JOHANNESBURG – South Africa's business confidence slid to its lowest this year in the third quarter, dragged lower by a slump in sentiment in the manufacturing sector.
The Rand Merchant Bank/Bureau of Economic Research (RMB/BER) business confidence index shed 1point to 38 points in the third quarter from 39 points in the previous period, but way lower than the 45 points registered in the first quarter at the height of “Ramaphoria”.
“The underlying South African business landscape continues to weaken, with more sectors showing signs of strain. While confidence hasn't yet fallen to the levels observed during the previous recession of 2009, we remain deeply concerned about the prospects,” said Ettienne le Roux, the chief economist at RMB.
Confidence in the manufacturing industry plunged to 21 points in the period under review from 27 points in the prior period, while sentiments in the wholesale sector tanked to 49 points from 62 points.
The data also showed that sentiment remained steady for retailers at 33 points. However, confidence improved slightly among building contractors to 45 points from 37 points, while it also inched up for vehicle dealers at 41 points from 35 points.
“Close to 80 percent of businesses operating in the manufacturing industry now feel conditions are unsatisfactory for running their enterprises. This statistic should be very worrying for government as it foretells the risk of a poor third quarter for the manufacturing industry, a key component of GDP,” said Annabel Bishop, the chief economist at Investec.
The data released by Statistics South Africa yesterday provided welcome relief for the ailing manufacturing sector.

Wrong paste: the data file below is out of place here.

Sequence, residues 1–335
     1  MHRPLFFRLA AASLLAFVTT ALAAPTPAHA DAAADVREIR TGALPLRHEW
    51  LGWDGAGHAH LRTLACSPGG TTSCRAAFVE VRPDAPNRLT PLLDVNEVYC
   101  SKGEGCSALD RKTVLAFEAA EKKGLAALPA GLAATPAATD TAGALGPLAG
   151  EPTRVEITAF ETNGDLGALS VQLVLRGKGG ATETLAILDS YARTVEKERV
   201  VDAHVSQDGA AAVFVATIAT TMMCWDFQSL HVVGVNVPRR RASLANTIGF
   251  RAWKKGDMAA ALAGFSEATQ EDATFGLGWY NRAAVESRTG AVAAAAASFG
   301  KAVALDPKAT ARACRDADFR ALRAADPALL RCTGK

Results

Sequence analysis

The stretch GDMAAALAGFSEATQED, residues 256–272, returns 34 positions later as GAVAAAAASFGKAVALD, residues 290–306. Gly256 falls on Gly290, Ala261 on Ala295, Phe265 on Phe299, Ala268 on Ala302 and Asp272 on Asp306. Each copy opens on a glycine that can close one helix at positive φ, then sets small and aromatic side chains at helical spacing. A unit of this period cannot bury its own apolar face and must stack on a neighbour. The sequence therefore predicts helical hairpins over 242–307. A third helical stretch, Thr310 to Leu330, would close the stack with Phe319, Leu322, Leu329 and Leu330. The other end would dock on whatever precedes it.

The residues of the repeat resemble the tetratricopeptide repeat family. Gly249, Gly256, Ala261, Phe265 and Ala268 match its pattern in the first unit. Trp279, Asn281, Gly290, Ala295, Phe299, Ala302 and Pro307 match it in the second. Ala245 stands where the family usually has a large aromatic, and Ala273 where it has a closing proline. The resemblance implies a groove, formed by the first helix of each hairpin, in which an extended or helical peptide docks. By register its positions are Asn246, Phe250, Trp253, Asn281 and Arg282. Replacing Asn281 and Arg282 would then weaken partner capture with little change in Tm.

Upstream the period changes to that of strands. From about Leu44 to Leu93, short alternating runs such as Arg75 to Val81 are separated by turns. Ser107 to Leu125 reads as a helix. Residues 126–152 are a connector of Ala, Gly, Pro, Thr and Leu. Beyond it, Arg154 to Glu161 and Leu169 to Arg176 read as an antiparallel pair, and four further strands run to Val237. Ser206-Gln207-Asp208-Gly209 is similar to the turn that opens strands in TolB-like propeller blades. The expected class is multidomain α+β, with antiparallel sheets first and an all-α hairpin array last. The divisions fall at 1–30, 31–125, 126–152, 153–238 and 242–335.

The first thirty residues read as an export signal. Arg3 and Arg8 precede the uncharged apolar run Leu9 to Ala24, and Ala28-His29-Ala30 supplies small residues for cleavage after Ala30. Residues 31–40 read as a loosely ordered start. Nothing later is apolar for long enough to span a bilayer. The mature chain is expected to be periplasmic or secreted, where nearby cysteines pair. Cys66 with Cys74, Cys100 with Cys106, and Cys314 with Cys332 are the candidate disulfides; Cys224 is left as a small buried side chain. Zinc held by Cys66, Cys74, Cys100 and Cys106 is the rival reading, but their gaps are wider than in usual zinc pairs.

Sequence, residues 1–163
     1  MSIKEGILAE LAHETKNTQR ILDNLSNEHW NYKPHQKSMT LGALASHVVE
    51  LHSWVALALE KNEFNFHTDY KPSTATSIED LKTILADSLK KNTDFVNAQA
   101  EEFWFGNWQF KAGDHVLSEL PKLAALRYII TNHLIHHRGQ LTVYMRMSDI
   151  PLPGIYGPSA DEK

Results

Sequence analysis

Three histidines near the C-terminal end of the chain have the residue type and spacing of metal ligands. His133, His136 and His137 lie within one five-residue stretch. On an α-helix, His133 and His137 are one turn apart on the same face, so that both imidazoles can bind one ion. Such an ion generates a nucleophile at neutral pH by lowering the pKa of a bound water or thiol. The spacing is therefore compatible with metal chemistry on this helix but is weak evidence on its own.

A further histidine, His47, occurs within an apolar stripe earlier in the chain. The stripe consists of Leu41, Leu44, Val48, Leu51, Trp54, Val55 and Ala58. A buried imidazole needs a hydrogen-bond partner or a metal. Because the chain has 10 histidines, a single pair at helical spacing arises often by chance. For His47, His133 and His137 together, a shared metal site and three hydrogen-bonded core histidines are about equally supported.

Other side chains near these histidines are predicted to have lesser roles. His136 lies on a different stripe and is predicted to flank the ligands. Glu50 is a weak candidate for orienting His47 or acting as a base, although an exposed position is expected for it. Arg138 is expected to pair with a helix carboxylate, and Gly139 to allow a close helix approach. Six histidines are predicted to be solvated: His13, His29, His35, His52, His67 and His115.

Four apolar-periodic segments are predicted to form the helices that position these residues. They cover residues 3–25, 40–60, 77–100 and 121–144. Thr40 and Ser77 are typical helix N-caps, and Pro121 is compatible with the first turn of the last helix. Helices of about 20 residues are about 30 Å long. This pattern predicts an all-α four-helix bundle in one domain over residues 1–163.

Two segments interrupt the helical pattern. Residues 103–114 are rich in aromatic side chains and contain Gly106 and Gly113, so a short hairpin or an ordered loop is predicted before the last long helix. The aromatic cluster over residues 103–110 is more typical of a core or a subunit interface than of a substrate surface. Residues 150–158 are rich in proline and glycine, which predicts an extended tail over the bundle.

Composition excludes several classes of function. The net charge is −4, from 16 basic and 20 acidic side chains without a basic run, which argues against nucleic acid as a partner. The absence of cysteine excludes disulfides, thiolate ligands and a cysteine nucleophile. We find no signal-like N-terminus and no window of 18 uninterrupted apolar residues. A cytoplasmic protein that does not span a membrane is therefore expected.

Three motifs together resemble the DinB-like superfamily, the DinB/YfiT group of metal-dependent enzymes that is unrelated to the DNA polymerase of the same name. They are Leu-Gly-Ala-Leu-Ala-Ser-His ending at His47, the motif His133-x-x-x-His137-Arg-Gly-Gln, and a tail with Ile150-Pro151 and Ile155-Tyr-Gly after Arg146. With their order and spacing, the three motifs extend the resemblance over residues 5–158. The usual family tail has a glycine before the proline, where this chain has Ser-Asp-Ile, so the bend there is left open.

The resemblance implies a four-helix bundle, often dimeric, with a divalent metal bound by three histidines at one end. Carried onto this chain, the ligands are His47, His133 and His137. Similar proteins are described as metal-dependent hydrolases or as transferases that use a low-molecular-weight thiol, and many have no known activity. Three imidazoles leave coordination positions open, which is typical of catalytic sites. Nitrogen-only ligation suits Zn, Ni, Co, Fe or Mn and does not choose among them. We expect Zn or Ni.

The figures showed output in the sector recorded its biggest increase since June of 2016.
Manufacturing production increased 2.9 percent year on year in July and above market expectations of a 1.1 percent gain. Data released last month showed the manufacturing sector led the jobs in the second quarter bloodbath with 108 000 jobs lost during the quarter.
The stronger-than-expected growth in manufacturing recorded in July suggested that the economy made a good start to the third quarter following a contraction in the prior quarter that sent the economy into a recession.
William Jackson, the chief emerging markets economist at Capital Economics, said the manufacturing data provided some rare good news for the economy.
“However, more timely surveys suggest that this recovery has been fitful over the course of the quarter,” Jackson said.
The Absa manufacturing purchasing managers index for August plunged 8.1 points to 43.4 points – the lowest reading in more than a year.
The sharp decline in last month's reading was on the back of a slowdown in the new sales orders index as well as the business activity index.
– BUSINESS REPORT